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Kuwait Central to Coalition Logistics Chain

By Jim Garamone
American Forces Press Service

KUWAIT CITY, Kuwait, Jan. 10, 2005 – "Amateurs study strategy. Professionals study logistics."

It's an old saw, but that doesn't mean it's not still appropriate -- and the U.S. military has taken it to heart.

More than 20,000 American servicemembers and civilians are serving in Kuwait to support the combat effort "up north," as they say here.

Troops in Kuwait are responsible for getting thousands of gallons of fuel to Iraq daily. Humvees, tanks, armored personnel carriers, forklifts, generators, and countless other systems couldn't work without their constant efforts. In short, troops in Iraq couldn't move without that logistical support.

Servicemembers in Kuwait also ensure thousands of gallons of water reach the forces in Iraq. "Our guys are spoiled," said a logistics professional in Kuwait. "They want bottled water, and we make sure they get it." That's a tall order with 150,000 U.S. troops in Iraq.

Servicemembers in Kuwait also ensure forces going north have the right equipment and facilitate last-minute training at Udairi Range in Kuwait.

They are also responsible for getting those troops home. Following scheduled Jan. 30 elections in Iraq, about 250,000 U.S. troops will be rotating in and out of the country.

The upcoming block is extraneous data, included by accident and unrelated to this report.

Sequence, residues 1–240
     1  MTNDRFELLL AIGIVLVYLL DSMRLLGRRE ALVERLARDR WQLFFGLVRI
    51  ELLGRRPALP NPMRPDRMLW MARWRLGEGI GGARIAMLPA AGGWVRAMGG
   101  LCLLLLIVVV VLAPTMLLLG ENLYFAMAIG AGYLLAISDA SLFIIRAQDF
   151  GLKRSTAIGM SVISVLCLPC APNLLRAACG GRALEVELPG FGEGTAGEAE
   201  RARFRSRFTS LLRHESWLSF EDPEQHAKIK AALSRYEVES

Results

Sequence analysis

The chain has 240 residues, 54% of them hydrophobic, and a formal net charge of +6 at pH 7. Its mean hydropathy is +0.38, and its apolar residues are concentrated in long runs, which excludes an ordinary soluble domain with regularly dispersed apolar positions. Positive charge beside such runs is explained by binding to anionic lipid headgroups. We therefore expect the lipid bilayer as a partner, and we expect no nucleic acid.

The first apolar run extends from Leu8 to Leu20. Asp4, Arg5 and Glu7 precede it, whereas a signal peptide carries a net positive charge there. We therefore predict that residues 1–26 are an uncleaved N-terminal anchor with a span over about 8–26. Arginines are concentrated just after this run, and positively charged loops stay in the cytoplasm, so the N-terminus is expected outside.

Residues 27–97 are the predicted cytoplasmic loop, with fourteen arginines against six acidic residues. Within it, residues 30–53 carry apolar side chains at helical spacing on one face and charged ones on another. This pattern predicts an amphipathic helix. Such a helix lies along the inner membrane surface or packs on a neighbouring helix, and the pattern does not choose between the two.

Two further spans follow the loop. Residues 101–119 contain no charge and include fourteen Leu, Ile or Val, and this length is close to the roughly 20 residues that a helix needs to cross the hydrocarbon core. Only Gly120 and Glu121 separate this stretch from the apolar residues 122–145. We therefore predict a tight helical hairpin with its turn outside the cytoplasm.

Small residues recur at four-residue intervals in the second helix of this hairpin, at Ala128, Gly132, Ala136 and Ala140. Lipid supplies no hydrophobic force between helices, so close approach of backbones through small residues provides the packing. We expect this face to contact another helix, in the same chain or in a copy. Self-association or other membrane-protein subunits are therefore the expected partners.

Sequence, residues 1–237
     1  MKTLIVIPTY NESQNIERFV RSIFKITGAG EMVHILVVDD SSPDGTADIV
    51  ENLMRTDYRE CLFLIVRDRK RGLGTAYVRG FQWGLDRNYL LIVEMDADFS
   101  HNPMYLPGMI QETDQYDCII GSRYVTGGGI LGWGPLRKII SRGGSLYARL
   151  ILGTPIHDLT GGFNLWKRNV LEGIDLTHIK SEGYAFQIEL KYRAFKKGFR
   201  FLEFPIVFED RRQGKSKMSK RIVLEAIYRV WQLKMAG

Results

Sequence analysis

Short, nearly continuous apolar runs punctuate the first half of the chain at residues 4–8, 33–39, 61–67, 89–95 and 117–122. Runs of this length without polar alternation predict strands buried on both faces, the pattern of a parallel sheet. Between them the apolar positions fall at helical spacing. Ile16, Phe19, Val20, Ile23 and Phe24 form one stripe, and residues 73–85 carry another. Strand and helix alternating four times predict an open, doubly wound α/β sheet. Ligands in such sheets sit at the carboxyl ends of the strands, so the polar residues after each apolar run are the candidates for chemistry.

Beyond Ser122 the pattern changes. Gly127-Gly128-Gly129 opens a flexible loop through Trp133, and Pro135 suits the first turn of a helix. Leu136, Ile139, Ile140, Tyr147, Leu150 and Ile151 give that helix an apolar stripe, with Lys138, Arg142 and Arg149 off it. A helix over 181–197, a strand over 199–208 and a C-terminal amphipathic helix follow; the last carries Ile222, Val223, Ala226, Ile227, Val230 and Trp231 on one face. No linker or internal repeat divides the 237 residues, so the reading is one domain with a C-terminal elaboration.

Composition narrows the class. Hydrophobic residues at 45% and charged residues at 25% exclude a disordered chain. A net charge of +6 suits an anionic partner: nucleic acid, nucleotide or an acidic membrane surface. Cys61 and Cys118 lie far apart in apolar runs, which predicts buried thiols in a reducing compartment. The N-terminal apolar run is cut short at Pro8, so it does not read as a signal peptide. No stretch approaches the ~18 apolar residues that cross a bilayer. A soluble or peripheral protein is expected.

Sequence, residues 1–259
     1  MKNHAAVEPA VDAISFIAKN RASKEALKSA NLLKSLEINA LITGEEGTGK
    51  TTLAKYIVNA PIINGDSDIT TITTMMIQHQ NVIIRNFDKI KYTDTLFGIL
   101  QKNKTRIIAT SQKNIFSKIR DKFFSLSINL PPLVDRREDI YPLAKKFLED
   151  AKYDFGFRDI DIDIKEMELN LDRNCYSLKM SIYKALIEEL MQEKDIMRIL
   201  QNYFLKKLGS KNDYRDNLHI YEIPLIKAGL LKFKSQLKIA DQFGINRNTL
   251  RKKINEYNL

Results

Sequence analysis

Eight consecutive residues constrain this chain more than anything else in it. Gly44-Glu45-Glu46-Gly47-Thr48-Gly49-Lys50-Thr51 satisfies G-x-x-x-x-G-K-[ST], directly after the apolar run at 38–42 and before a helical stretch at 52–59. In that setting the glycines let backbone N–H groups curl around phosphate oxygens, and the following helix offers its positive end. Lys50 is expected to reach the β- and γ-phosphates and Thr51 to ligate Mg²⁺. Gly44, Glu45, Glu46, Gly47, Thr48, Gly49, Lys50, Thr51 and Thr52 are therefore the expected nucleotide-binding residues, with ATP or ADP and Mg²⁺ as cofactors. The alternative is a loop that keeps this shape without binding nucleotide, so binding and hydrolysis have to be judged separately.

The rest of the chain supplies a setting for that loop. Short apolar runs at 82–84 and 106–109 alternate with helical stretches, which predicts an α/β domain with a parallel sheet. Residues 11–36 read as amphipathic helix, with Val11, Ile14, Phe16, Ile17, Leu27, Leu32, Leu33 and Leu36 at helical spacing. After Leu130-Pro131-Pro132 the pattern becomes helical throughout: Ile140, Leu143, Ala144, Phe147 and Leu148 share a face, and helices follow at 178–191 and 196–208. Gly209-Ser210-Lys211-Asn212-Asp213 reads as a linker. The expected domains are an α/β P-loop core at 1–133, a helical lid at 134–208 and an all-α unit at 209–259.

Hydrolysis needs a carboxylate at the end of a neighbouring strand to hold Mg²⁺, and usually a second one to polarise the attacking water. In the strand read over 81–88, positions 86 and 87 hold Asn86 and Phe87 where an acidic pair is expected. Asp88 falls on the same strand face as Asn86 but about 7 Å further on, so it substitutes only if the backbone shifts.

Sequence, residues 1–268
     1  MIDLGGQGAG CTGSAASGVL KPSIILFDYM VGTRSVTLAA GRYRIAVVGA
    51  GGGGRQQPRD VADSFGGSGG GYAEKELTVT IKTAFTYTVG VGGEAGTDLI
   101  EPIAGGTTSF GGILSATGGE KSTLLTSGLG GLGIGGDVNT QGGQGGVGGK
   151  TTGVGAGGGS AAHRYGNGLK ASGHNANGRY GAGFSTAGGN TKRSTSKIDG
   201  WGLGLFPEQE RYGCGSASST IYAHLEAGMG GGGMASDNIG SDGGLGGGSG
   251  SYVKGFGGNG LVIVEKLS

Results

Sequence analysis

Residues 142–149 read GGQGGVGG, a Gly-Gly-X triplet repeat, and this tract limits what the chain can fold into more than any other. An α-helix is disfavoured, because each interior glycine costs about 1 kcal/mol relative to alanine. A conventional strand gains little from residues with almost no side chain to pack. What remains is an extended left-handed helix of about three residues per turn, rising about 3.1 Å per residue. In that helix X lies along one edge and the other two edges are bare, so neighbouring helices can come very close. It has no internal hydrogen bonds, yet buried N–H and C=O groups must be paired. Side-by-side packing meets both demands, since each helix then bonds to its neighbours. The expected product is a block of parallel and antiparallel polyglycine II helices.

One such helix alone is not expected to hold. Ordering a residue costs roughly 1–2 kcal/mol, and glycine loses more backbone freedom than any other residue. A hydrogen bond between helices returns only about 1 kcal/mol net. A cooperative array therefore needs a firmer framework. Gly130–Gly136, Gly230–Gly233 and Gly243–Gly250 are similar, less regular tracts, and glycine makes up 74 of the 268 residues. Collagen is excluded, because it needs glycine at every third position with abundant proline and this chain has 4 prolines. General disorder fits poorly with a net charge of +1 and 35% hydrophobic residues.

Logisticians in Kuwait also maintain the camps, ensure portable latrines are cleaned, feed thousands of soldiers and Marines passing through, and work with their Kuwaiti hosts.

The Coalition Forces Land Component Command's chief of staff, Army Col. Louis Yuengert, praised the Kuwaitis for their cooperation with coalition forces. The coalition uses a good portion of the port facilities at Doha, free of charge. The coalition also does not pay landing fees at Kuwaiti airports. And, Kuwait provides all the fuel coalition forces use in Kuwait and much of the fuel used in Iraq.

Servicemembers in Kuwait also have spearheaded the move to armor all wheeled vehicles used in Iraq. This is a massive undertaking. There are 2,000 trucks on the road each day delivering supplies to Iraq. While many are civilian vehicles hired to deliver supplies, many are military vehicles with military crews.

Facilities in Kuwait, along with five in Iraq, add armor onto these vehicles. Shops in Kuwait also rebuild vehicles damaged in battle or just worn out because of heavy use.

Kuwait also serves as the logistics hub for operations in Afghanistan and Djibouti. "People forget that we have those missions as well," Yuengert said.

Officials are always trying to find ways to make things more efficient. They plan, for example, to open water- bottling plants in Iraq. This would mean fewer convoys on the road and would be easier from a logistics standpoint.

Years from now, when amateurs are studying the strategy used in Operation Iraqi Freedom, professionals will be studying the way logisticians supplied the fighting force.

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Related Sites:
Coalition Forces Land Component Command


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